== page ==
Reviewed by Colin Jacobson (June 8, 2012)
Lisa Kudrow returns to TV via Showtime’s Web Therapy. The show came into existence as an improvised Internet series; the Showtime versions added extra footage to fill them out to half-hour length.
With this Season One DVD release of Therapy, we get the series’ first 10 episodes. We’ll view them in the order broadcast. The episode synopses come straight from the DVD packaging.
Click to Start: “Fiona Wallice (Kudrow) develops a new brand of therapy for the Internet: three-minute sessions called Web Therapy. To generate interest in her brand she contacts an old employer with whom she’s had a dicey past and takes on a client who has a highly promotable problem.”
Therapy offers an unusual concept for a TV series due to its origins. The original Internet version used short episodes, so packaging them together into attempts at coherent programs may be a challenge. Also, the episodes were largely improvised, and that made them even more dicey.
It’ll be interesting to see how the season develops, as “Click” becomes only sporadically entertaining. Actually, “sporadically” may be unfair, as it implies that the show is spottier than it is, but it does seem inconsistent. Still, it mixes the original footage with the added material to create a fairly well-integrated piece and shows promise, so I look forward to the next show.
Desperate Measures: “Fiona hopes to exploit the sexual problems of her client Jerome (Dan Bucatinsky) to impress her former employer and potential investor. Meanwhile, the frustrations in her marriage lead her to flirt with several of the men she encounters.”
Two episodes in and I’m finding myself unenthused by the series. Like the first show, “Measures” has some funny moments, but it does seem padded; I get the impression the concept might work better in smaller bites as originally presented online. Still, even though I’m a bit disappointed so far, there’s enough potential here to keep me with it.
Shrink Rap: “After her business proposal is rejected by her mother, Fiona encounters another obstacle: Ted Mitchell (Bob Balaban), who’s been hired by the Lachmann Brothers to evaluate Fiona’s abilities – and gets more than he bargains for.”
Therapy begins to rebound with “Rap”, largely due to its guest cast. Balaban does nicely, and the introduction of Lily Tomlin as Fiona’s cold, controlling mother brings a good charge to the series. Add to that Jennifer Elise Cox’s delightfully slutty and dippy Gina and I’m starting to feel more optimistic about the series.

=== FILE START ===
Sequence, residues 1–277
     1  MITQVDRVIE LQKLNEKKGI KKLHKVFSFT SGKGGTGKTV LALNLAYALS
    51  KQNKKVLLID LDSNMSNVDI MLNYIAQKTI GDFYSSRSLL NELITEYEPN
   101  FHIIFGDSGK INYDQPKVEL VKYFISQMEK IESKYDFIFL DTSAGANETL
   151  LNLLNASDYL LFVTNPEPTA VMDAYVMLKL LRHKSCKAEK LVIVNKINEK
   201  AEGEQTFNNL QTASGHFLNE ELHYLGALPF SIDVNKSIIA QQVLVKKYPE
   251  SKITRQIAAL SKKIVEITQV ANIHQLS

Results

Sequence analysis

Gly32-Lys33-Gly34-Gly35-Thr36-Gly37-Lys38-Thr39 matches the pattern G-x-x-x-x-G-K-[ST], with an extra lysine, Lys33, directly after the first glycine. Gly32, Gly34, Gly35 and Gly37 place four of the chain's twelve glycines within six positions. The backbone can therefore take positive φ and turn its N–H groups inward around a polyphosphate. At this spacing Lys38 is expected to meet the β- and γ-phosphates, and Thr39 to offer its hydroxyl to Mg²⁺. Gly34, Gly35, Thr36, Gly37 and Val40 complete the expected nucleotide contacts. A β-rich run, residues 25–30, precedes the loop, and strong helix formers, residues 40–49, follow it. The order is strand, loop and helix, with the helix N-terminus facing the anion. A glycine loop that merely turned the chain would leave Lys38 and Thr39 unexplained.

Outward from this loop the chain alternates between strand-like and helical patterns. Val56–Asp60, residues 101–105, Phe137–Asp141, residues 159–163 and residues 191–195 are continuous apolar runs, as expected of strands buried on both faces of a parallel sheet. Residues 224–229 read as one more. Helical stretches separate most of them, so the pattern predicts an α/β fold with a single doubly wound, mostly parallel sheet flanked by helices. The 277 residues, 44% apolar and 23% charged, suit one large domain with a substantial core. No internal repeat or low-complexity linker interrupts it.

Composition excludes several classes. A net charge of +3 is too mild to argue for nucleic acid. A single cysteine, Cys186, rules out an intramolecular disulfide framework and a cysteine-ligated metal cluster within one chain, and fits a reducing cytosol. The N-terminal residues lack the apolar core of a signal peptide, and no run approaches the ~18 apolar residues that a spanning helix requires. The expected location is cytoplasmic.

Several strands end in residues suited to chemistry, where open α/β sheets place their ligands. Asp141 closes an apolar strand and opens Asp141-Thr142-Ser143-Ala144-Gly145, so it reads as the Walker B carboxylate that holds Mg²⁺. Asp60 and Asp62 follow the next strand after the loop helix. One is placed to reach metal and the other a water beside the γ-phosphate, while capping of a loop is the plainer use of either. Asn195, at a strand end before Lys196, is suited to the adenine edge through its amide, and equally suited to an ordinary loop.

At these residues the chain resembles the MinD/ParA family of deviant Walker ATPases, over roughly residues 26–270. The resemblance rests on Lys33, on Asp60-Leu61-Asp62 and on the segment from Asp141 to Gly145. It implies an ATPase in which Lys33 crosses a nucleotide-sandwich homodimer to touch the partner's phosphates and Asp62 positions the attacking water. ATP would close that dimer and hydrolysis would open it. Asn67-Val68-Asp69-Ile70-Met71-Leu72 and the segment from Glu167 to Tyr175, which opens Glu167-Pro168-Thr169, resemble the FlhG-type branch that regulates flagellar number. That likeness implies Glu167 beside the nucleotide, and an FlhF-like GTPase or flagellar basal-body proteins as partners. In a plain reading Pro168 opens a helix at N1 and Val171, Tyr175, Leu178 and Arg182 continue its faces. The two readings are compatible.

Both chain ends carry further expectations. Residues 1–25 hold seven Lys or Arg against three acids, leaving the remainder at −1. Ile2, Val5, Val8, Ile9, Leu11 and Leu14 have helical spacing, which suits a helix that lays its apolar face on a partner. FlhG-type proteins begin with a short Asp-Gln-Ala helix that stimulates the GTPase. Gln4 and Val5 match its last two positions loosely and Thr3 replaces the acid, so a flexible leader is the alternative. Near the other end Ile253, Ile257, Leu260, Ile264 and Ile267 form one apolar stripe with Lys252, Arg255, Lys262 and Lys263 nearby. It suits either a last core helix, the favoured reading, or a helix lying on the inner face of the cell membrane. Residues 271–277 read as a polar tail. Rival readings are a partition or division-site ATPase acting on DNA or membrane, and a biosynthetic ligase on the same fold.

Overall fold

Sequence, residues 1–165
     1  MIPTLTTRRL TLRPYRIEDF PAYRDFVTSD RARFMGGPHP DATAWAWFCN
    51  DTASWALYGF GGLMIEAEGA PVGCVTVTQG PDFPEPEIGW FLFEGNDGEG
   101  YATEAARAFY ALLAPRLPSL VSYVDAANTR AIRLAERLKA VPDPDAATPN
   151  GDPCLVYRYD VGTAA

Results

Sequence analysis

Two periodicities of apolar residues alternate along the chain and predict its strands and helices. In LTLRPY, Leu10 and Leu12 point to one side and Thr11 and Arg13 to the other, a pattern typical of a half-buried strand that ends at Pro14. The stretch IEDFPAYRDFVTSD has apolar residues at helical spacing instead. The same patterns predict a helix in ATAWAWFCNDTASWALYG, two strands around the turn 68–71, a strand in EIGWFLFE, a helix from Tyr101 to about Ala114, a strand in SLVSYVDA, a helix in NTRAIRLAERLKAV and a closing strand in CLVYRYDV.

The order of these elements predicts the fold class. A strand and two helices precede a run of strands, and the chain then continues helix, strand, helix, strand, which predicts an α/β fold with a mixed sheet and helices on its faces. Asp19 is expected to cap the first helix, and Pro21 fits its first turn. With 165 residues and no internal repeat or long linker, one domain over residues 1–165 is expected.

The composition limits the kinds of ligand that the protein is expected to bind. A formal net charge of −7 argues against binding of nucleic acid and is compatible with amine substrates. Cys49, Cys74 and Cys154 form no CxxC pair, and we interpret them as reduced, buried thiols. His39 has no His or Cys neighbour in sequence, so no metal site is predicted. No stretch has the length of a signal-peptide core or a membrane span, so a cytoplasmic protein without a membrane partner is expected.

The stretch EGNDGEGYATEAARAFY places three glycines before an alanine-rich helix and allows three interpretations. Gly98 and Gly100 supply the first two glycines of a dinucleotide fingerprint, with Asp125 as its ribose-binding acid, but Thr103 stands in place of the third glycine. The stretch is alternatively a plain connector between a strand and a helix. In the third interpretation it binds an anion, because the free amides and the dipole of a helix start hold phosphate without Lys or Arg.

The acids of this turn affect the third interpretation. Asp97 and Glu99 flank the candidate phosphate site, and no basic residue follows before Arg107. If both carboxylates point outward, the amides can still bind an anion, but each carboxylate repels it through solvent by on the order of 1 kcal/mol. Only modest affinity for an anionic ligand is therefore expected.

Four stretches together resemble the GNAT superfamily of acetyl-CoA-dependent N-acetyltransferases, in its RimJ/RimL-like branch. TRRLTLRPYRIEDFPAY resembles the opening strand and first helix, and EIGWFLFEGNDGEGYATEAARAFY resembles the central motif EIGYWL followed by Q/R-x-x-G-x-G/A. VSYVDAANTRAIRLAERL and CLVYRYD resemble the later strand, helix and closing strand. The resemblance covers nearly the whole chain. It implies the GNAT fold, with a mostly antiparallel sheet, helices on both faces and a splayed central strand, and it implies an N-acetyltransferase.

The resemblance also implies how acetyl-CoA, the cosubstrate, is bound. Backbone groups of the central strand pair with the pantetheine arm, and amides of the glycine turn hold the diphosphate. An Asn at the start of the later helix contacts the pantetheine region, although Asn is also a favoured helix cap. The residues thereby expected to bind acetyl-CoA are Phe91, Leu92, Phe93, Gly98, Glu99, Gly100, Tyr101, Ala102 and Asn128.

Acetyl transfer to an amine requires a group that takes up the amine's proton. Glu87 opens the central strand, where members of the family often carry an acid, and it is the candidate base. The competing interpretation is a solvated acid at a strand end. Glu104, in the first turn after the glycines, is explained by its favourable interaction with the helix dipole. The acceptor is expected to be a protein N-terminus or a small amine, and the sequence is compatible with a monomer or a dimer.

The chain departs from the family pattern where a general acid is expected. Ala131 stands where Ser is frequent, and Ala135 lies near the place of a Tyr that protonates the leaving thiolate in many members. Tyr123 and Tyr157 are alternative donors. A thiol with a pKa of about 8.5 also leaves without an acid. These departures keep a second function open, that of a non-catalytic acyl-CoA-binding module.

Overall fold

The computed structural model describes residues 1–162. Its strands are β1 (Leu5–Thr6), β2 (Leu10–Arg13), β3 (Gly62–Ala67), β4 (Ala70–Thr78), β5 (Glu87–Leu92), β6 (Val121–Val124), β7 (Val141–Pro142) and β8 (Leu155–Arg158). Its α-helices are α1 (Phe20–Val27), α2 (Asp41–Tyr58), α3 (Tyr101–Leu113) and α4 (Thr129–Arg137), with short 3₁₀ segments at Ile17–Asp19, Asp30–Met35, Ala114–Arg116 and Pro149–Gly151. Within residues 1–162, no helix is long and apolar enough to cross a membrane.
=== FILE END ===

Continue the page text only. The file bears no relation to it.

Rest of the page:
Public Relations: “Fiona blackmails her new client, marketing executive Claire Dudek (Jane Lynch), in order to garner her expert promotion skills for Web Therapy. Then fate hands her another client with a job tailor-made for promotion exploration.”
The series jumps up quite a bit with this strong episode, largely due to the appearance of Lynch. While she threatens over-exposure these days, she’s still awfully good, and her manic turn as Dudek provides great amusement. A few other elements add zest to the show and make it the best to date.
Shrinking and Growing: “Business is booming for reasons unconnected to Fiona’s expertise, but she’s not complaining until she gets a new client with a personal connection to the Wallices.”
The series’ hot streak continues with the pretty good “Shrinking”. While not quite as strong as “Relations”, it still delivers more than a few amusing moments and shows a series starting to get into a groove.
We’ve Got a Secret: “Fiona’s marriage crumbles when she discovers her husband’s (Victor Garber) hidden life. Meanwhile, her mother’s (Lily Tomlin) secret past threatens Fiona’s business plan.”
With “Secret”, the series goes more expository than usual. Much of the time the plot synopses aren’t that important, as the shows are fairly self-contained, but that changes here. This doesn’t work totally well, as the emphasis on character and story feels a bit forced. Still, we get some interesting twists, so it offers a pretty good episode.
Exposed!: “Fiona gets her house in order by hiring a new employee and joining forces with her husband to expose the imposter in the family nest.”
“Exposed!” follows the same path as “Secret”, so it functions on about a similar level. Actually, it’s not quite as expository, but it confronts a lot of related material. It does give us a “stoned” Lily Tomlin, though, which is worth the price of admission.
Psychic Analysis: “Fiona gets a new client: an Internet psychic who has lost her powers. Can Fiona find them?”
To preserve the fun, I won’t reveal the identity of the actor who plays the psychic, but let’s just say she’s someone who worked with Kudrow for years. That connection might make her casting feel like a gimmick, but I like it and think it’s a treat to see them together again. Add to that an increasingly nutty turn from Lily Tomlin and this episode works quite well.
Whistle While You Work: “Fiona’s principal investor, Robert Lachmann (Steven Weber), is out of business yet Fiona still manages to make him pay.”
While a decent episode, “Whistle” loses some points because it focuses so heavily on Weber’s character. We hardly see anyone else here, and that narrow concentration makes the show a little spotty. It’s still reasonably enjoyable, but it’s not one of the year’s better programs.
Strange Bedfellows: “Fiona hits it off personally and professionally with a new client, media mogul Austen Clarke (Alan Cumming), until her marriage to Kip suddenly becomes much more attractive.”
Season One concludes in a decent manner here, though not with quite the bang I’d like. Cumming’s character dominates, and the episode is more narrative-driven than usual. As I’ve seen in prior shows, the ones that focus on the overall arc tend to be less amusing, as the series works better with programs that better mix the continuing character development with the one-offs. We find a moderately enjoyable piece here but not one of the year’s better episodes.